Google Play starts warning users if an app is riddled with problems

Google Play Store on OnePlus 9
(Image credit: Chris Wedel/Android Central)

What you need to know

  • Users have started seeing Google Play's new warning about apps with performance issues.
  • This warning will show if other owners with an Android model similar to yours have experienced a rash of problems with an app.
  • If an app's crash rate is above 8% on any given phone model, every owner of that phone will see a warning to potentially steer them away until it's fixed.

Google appears to have taken additional steps to warn its users about apps that just aren't cutting it.

Mishaal Rahman tweeted about the appearance of this new warning about apps that may stop working on your phone (via Android Police). The new warning for users is backed up by data that Google has collected regarding the technical performance of an app on devices similar to the one you own.

What's more, is that it looks like Google had plans to introduce this new warning system for the Play Store back in October. According to an Android Developers Blog post, Google's quality bar per phone model was introduced due to some apps working perfectly fine on some Android models but not on others. This brought about a "bad behavior threshold" that Google hopes developers will keep their apps under.

The threshold was set at 8% for the user-perceived crash rate and user-perceived ANR rate. Anything above this will trigger the warning about the app on the Play Store, which has started appearing for some users.

Frustrating to use apps are never a good thing, and it seems like Google is looking to rid its store of any such foolishness. It also gives the user a chance to decide whether or not they want to download an app, given they will have this piece of useful information beforehand.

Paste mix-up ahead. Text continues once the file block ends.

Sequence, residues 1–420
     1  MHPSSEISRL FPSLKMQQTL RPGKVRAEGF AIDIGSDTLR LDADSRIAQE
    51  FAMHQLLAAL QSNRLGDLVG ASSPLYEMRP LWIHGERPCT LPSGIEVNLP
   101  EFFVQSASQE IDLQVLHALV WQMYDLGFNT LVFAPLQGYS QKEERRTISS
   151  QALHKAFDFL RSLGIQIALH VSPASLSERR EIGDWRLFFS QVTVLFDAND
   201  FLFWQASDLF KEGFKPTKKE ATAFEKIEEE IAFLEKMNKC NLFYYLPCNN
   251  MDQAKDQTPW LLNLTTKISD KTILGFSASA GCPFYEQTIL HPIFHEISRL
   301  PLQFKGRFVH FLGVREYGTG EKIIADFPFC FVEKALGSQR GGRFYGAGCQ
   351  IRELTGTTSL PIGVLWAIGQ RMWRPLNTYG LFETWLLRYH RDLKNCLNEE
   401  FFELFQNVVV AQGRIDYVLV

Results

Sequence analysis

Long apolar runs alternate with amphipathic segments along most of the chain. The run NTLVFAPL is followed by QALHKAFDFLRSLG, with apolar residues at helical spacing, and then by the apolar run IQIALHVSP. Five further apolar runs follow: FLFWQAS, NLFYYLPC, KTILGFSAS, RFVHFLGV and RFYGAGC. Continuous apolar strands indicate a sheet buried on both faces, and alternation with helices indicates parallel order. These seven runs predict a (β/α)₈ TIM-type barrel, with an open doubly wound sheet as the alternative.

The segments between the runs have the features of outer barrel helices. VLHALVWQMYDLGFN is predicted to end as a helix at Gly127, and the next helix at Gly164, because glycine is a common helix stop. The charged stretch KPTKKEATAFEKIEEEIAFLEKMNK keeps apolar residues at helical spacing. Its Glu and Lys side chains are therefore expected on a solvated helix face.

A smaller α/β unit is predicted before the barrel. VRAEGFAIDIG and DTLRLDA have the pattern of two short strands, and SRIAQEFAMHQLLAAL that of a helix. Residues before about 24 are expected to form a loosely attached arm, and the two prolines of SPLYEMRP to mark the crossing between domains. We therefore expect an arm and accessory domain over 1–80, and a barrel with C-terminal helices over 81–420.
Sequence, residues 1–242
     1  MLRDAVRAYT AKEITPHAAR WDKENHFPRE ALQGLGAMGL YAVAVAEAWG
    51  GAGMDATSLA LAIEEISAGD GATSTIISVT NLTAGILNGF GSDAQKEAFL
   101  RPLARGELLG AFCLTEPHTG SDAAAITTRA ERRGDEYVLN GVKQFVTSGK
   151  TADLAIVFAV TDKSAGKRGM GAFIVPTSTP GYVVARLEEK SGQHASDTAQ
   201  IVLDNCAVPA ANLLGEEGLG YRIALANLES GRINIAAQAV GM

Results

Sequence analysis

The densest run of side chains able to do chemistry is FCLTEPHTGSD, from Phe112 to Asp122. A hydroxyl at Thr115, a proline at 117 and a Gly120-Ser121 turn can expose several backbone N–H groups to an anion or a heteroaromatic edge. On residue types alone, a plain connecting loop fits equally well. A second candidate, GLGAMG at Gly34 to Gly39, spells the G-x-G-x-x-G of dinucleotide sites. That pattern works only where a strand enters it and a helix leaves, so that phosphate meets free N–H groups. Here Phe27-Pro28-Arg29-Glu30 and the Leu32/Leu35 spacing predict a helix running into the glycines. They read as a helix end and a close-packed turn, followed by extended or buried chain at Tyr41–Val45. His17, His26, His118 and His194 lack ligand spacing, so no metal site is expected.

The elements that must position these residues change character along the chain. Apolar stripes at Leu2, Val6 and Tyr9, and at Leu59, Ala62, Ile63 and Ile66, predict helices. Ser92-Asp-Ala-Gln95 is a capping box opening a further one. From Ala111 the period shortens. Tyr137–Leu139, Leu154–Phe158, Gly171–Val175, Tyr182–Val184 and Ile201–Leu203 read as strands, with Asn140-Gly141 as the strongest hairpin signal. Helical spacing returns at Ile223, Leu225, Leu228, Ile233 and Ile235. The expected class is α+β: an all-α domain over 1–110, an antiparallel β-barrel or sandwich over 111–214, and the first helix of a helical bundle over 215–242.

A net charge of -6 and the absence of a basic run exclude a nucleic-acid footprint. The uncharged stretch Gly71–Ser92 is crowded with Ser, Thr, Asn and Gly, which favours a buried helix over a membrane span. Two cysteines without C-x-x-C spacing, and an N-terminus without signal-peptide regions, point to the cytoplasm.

Google has also stated it would also restrict an ill app from appearing in certain discovery sections if it's been tagged with a technical warning.

That said, app developers should hopefully be able to nip any problems in the bud before it crosses the small user-perceived 1% crash rate across all Android devices. Google has given developers a Play Console tool to use which can monitor an app's core vitals and display the areas where things need to be fixed in an upcoming patch.

Keeping the developer accountable for the product they place on the Play Store is becoming the new normal. In July 2022, Google swapped out the old permissions list (before saying it'd come back) with the Data safety section. This was a way of being completely transparent with the user about what data would be taken and how it would be used — despite the amount of information given still being left up to the developer.

Nickolas Diaz
News Writer

Nickolas is always excited about tech and getting his hands on it. Writing for him can vary from delivering the latest tech story to scribbling in his journal. When Nickolas isn't hitting a story, he's often grinding away at a game or chilling with a book in his hand.